From a Science of Us post about why it’s so hard to remember someone’s name:

There is a very simple reason why it’s so easy for the names of new acquaintances to slip right out of your head within moments of being introduced: Names are kind of meaningless. Memory experts say that the more pathways back to a memory you have, the easier it becomes to retrieve that memory, and this just doesn’t often happen naturally with names.

[…]

Sure, there may be family history or a great deal of sentimental meaning behind a person’s first name, but when you meet someone at a party, there’s no readily apparent reason why this guy should be named Mike and that guy should be named Max.

From an interview with CUNY business school student Janeflora Henriques:

When I was born, my oldest sister (who was a difficult child) insisted I be named “Florence” after a movie actress she idolized. My sister threatened consequences if I weren’t. On the other hand, the tradition of my tribe dictated that I be named after my dad’s eldest sister. Fearing whiplash from in-laws, my mother was wary to skip naming me after my aunt. At the same time, my mother was concerned about a daughter who said she would have nothing to do with me if I weren’t named Florence. So my mother shortened my aunt Jennifer’s name to “Jane” and Florence to “Flora” and gave me both.

From a Guardian article about extinct Hyoliths and their “helens”:

We all tend associate certain qualities to people’s names, usually on the basis of people we have known. Helen, for example, is a very sensible name. I associate it with practical, dependable people I have known. You can rely on a Helen. A quick look at the ONS data for girls’ names in England and Wales tells me that it reached a high point of number 8 in the list of baby names in both 1964 and 1974. It’s also the technical term for a hyolith appendage: a hyolithid has a pair of helens. I think this is utterly brilliant. The original paper from 1975 says “We term these … structures helens because the word has no functional connotations, and they were first described under the generic name Helenia by Walcott”. Really? Or did they know a Helen?

Want to see more quotes about names? Check out the name quotes category.

Rare Girl Names from Early Cinema: V

valli valli, v names, baby names, girl names, actress,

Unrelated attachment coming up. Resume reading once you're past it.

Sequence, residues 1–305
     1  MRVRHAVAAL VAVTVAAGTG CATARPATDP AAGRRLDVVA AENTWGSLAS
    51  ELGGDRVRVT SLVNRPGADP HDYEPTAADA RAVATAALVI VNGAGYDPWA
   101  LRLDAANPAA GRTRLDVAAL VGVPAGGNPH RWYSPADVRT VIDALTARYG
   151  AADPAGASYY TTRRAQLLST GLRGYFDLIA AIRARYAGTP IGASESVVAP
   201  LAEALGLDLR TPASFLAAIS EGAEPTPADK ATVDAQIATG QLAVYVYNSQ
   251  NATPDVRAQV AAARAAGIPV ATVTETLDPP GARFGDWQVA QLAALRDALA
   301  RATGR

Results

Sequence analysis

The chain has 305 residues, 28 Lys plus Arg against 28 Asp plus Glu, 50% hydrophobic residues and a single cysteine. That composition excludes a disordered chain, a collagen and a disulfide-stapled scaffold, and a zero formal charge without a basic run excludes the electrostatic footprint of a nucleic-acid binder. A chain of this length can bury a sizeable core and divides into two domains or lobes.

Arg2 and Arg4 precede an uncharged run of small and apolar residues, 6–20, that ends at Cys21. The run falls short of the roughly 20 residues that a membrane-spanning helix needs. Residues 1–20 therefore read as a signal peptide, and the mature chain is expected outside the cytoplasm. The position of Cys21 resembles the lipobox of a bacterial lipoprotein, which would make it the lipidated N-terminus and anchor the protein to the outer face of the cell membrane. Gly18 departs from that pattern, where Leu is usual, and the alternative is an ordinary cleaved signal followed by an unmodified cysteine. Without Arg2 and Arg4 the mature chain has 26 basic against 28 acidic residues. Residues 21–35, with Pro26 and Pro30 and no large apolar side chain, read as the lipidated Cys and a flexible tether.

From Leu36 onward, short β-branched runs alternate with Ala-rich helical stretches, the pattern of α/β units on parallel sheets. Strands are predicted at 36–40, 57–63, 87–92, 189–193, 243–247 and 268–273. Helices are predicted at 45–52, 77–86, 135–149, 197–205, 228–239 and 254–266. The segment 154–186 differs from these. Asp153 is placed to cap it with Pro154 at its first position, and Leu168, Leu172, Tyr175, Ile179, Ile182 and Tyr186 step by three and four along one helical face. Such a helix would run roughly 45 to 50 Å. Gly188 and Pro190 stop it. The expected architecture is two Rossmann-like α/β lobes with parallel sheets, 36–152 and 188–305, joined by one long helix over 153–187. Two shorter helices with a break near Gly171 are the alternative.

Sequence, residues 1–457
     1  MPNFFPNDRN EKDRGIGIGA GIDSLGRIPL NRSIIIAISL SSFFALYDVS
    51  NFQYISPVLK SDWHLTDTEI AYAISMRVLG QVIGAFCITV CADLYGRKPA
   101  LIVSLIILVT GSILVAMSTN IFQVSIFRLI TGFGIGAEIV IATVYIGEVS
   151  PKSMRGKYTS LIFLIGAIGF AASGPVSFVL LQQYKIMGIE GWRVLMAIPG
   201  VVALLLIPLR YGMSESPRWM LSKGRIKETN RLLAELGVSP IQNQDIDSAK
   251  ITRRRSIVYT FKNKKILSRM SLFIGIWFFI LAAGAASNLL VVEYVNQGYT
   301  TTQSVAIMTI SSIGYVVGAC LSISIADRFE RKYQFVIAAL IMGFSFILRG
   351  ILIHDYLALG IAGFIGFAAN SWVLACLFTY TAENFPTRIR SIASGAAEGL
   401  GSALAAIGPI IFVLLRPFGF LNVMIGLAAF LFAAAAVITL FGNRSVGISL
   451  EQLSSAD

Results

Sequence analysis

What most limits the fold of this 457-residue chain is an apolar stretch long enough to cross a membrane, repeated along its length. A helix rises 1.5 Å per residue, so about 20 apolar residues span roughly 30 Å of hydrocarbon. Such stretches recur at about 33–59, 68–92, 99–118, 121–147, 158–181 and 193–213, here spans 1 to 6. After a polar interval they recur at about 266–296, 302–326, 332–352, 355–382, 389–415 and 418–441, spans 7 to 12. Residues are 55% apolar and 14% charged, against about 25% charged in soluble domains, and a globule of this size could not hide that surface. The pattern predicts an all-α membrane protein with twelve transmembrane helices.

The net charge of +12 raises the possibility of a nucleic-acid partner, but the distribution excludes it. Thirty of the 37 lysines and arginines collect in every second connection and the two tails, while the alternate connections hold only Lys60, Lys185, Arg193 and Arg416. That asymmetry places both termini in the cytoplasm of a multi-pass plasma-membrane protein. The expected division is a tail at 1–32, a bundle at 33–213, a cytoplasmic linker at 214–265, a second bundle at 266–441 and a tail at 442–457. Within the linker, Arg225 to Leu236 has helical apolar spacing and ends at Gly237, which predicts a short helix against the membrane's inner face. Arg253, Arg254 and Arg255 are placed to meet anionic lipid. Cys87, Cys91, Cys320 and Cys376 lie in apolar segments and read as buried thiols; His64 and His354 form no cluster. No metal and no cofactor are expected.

Valli Valli (1882-1927)
Here’s the next installment of uncommon female names collected from very old films (released from the 1910s to the 1940s).

Vail
Vail was a character played by actress Vivian Rich in the short film Via Cabaret (1913).

  • Usage of the baby name Vail.

Val
Val Lorraine was a character played by actress Evelyn Brent in the film Attorney for the Defense (1932).

  • Usage of the baby name Val.

Valda
Valda Valkyrien was an actress who appeared in films in the 1910s. She was born in Iceland in 1894. Her birth name was Adele Eleonore Freed.

  • Usage of the baby name Valda.

Vale
Vale Harvey was a character played by actress Shirley Mason in the film My Husband’s Wives (1924).

  • Usage of the baby name Vale.

Valentine
Valentine Grant was an actress who appeared in films in the 1910s. She was born in Indiana in 1881.

Valeska
Valeska Suratt was an actress who appeared in films in the 1910s. She was born in Indiana in 1882. Valeska was also a character name in multiple films, including For a Woman’s Honor (1919) and Broadway Scandals (1929).

Valette
Valette Bedford was a character played by actress Margaret Sullavan in the film So Red the Rose (1935).

Valia
Valia Venitshaya, often credited simply as Valia, was an actress who appeared in films in the 1920s. She was born in England in 1899.

  • Usage of the baby name Valia.

Vallery
Vallery Grove was a character played by actress Dolores Costello in the film Second Choice (1930).

Valli
Valli Valli was an actress who appeared in films in the 1910s. She was born in Germany in 1882. Her birth name was Valli Knust. Alida Valli, often credited simply as Valli, was an actress who appeared in films from the 1930s to the 2000s. She was born in Italy (now Croatia) in 1921. Valli was also a character played by actress Margaret Livingston in the film What a Widow! (1930).

  • Usage of the baby name Valli.

Vallie
Vallie Martin was a character played by actress Marin Sais in the short film The Man in Irons (1915).

  • Usage of the baby name Vallie.

Vanda
Vanda Muroff was a character played by actress Greta Nissen in the film Danger in Paris (1937).

  • Usage of the baby name Vanda.

Vanina
Vanina Vanini was a character played by actress Alida Valli in the film Passione (1940).

Vanna
Vanna was a character name in multiple films, including The Romance of a Movie Star (1920) and Vanity’s Price (1924).

  • Usage of the baby name Vanna.

Vantine
Vantine was a character played by actress Jean Harlow in the film Red Dust (1932).

Varda